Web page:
Flies for effective cold weather fly fishing here in the mountains can differ in size and pattern significantly. Systematic approaches to various stream conditions can also help break the catching code. Frigid cold mornings aren’t usually a good time to be throwing dry flies, that’s for sure. Before my first cast on a winter’s day, I make sure I have my leader and fly selection tuned in for pinpoint presentations. Fishing the shortest leader possible will increase the odds of getting the fly close enough to a trout’s nose that he’ll take a swipe. It has to be long enough to reach the bottom of the pool easily and rapidly for a dredging presentation because that’s normally where the trout will be with 33-degree water. Czech nymphing is great for this. Icy water will normally have the fish’s strike zone about the size of a ping pong ball, in other words, that fly literally needs to almost bang that fish on the nose. A lot of times I’m just trying to get a reaction strike, not a feeding reaction. Fly size can range from size 6 bounced streamers to size 20 midges. I will usually start with large flies such as a Wooly Bugger or Pat’s Rubber Legs, then hopefully I’ll find the fish in the mood to eat a big bite and then work down from there. It’s a whole lot easier to land a big trout on a large sized hook than a teeny one. If that doesn’t work smaller nymphs or egg patterns or even a San Juan Worm or a squirmy might be the ticket. If I have to go even smaller, Zebra Midges or Rainbow Warriors get the nod. Swung flies such as soft hackles and small streamers or intruders can also be extremely effective in enticing a stubborn fish. A slow “static swing” as I call it, can be just too much for a trout to handle. Making the fly easy to catch and easy to eat is a good way to look at winter fishing. The river sweeping of a Spey type presentation can cover every inch of water and get that fly in the magic zone effectively.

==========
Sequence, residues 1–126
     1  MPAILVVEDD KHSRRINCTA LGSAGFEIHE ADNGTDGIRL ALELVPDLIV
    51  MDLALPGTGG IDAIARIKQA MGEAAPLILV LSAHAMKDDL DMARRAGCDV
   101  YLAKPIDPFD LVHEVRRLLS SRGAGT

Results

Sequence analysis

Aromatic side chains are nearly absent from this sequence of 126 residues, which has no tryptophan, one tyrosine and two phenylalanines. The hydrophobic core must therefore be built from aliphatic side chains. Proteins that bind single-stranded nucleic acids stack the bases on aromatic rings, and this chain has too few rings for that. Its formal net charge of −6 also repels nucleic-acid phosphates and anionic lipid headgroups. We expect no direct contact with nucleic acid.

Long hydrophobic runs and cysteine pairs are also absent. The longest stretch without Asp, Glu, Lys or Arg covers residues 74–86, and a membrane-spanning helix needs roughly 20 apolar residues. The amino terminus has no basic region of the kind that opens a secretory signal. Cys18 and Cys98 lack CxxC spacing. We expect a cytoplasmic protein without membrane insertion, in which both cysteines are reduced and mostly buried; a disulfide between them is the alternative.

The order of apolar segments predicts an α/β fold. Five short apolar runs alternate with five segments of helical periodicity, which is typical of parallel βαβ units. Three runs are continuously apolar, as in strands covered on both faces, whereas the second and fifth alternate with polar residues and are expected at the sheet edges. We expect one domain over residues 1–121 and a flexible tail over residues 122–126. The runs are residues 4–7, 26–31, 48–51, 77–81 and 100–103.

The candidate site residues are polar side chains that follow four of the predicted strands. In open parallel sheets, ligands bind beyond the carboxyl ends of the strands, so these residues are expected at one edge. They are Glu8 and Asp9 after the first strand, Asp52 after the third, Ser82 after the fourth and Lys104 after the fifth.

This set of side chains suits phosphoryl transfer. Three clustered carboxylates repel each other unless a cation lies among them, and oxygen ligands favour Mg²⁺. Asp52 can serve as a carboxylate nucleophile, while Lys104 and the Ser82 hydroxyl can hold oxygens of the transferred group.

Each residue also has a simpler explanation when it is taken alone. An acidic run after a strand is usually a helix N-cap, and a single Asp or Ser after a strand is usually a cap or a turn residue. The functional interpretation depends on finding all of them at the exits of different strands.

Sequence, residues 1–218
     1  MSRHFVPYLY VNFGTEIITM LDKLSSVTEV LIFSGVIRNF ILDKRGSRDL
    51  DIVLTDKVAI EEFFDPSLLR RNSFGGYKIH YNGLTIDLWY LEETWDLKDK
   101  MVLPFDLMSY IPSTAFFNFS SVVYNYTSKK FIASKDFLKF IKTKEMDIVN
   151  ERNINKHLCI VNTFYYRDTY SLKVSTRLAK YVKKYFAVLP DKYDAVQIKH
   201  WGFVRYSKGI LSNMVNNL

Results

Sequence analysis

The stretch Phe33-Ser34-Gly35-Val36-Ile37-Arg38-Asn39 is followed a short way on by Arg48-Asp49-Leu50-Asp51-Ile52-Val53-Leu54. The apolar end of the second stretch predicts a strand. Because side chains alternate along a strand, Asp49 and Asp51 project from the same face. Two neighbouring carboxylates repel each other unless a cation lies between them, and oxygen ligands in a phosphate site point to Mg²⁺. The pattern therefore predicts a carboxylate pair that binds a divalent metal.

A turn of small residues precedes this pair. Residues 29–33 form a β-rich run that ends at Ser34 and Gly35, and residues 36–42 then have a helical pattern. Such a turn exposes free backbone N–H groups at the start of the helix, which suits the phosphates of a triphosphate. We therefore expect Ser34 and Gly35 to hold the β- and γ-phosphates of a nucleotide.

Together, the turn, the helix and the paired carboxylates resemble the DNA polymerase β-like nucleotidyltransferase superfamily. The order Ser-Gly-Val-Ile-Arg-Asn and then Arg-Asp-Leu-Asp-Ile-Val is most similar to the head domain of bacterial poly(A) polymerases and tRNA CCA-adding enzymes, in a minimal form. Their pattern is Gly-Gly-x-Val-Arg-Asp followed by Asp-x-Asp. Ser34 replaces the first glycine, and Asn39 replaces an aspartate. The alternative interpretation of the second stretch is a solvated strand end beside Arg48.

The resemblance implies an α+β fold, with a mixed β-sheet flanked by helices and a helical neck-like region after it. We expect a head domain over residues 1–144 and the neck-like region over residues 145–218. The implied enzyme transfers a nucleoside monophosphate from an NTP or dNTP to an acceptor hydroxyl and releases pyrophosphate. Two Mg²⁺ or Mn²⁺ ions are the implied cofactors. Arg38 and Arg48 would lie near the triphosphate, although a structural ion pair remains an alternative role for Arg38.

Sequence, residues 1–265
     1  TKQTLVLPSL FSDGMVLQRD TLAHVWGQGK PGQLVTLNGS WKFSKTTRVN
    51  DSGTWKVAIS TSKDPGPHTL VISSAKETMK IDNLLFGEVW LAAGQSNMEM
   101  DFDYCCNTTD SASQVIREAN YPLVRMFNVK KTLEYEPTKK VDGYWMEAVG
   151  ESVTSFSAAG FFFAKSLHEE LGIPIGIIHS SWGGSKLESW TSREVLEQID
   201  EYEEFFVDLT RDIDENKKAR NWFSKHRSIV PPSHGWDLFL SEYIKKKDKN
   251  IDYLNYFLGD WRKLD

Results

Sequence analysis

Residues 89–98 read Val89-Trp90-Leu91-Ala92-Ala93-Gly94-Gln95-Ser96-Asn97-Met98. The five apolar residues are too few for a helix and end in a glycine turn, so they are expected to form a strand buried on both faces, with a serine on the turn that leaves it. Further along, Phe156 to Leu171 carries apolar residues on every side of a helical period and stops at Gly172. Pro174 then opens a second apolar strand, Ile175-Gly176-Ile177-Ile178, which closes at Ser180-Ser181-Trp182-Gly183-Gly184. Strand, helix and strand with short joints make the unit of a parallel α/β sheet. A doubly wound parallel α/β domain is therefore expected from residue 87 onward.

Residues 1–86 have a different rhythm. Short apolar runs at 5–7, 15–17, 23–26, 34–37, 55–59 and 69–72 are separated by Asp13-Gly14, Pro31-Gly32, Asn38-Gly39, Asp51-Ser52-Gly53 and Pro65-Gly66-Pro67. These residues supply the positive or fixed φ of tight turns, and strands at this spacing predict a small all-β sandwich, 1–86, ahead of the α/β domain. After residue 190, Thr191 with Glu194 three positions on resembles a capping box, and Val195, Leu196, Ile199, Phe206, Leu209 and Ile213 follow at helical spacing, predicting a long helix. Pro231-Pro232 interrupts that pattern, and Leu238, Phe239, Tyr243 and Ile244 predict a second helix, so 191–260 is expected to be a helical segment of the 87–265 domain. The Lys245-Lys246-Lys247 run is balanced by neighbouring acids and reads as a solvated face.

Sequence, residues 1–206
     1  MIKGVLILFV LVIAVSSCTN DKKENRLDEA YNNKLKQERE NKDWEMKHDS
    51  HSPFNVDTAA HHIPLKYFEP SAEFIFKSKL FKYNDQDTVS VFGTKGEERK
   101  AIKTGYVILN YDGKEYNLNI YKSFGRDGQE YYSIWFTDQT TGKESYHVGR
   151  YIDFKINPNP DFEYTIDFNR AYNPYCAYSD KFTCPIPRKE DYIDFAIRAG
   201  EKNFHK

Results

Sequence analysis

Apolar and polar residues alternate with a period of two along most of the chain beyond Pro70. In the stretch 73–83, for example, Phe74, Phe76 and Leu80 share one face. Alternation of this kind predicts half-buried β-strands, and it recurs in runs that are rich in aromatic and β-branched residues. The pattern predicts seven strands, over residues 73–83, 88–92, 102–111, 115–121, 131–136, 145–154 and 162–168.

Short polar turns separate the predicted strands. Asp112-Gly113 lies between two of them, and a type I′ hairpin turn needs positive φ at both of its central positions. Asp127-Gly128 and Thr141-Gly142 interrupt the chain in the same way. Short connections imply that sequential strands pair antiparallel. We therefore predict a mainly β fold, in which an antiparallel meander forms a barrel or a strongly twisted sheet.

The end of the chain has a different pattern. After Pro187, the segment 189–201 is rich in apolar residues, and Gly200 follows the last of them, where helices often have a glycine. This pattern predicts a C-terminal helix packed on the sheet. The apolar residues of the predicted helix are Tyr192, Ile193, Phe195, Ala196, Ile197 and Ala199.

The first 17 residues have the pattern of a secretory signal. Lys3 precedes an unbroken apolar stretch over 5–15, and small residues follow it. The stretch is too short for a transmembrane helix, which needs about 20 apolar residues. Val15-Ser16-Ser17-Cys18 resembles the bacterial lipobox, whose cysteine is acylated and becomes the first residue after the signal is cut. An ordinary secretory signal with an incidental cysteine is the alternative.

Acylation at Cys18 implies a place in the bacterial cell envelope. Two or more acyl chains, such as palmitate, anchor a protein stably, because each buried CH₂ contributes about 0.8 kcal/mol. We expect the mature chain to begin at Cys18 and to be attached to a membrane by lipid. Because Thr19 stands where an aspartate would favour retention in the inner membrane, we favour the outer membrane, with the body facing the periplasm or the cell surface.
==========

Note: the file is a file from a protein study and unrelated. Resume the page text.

Water conditions such as super clear clean water call for more natural looking fly patterns. When we have high or stained water, it’s time to break out the bling. Brightly colored flies, or the color white or even black, can be more easily seen by a trout. Weighted flies are easier to get down quickly and stay there. You should be getting hung up every now and then to be sure you’re deep enough. If you are snagged every cast, lighten up a bit.
The daily rise in the water temperature can fluctuate three to four degrees if the sun is shining brightly, even on a cold day. The highest winter water temperatures on a nice day will usually peak out around two pm. That will probably enlarge the trout’s strike zone too from a ping pong ball to maybe a softball, making it much easier to hit the strike zone. Be sure to be there at the time of peak activity, it may only last a couple of hours before the fish lock down. See you on the river!
Give David Hulsey a call at (770) 639-4001 to book a class or a guided trout trip. See his website at www.hulseyflyfishing.com